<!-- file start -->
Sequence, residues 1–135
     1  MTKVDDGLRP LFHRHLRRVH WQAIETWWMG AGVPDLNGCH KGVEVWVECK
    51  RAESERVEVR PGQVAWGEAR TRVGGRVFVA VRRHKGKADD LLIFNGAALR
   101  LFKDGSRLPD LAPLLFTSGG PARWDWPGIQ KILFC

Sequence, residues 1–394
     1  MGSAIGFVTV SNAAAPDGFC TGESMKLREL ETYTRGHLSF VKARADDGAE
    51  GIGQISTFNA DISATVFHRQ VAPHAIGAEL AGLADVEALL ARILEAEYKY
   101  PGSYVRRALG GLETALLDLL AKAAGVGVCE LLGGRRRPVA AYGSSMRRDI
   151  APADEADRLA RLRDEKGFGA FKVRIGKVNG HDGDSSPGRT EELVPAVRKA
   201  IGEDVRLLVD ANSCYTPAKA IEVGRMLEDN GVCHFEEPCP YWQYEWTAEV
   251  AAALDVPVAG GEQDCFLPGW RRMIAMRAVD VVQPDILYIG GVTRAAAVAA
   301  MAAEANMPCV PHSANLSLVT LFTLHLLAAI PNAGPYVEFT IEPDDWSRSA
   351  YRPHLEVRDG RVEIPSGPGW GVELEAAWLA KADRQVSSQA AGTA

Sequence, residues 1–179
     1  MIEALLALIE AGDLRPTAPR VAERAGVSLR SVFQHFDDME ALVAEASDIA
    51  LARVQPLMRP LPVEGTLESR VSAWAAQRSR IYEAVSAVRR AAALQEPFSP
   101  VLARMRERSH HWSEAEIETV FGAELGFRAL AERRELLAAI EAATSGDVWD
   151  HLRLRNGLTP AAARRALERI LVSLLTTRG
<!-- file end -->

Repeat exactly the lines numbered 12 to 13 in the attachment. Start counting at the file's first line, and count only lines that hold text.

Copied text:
   301  MAAEANMPCV PHSANLSLVT LFTLHLLAAI PNAGPYVEFT IEPDDWSRSA
   351  YRPHLEVRDG RVEIPSGPGW GVELEAAWLA KADRQVSSQA AGTA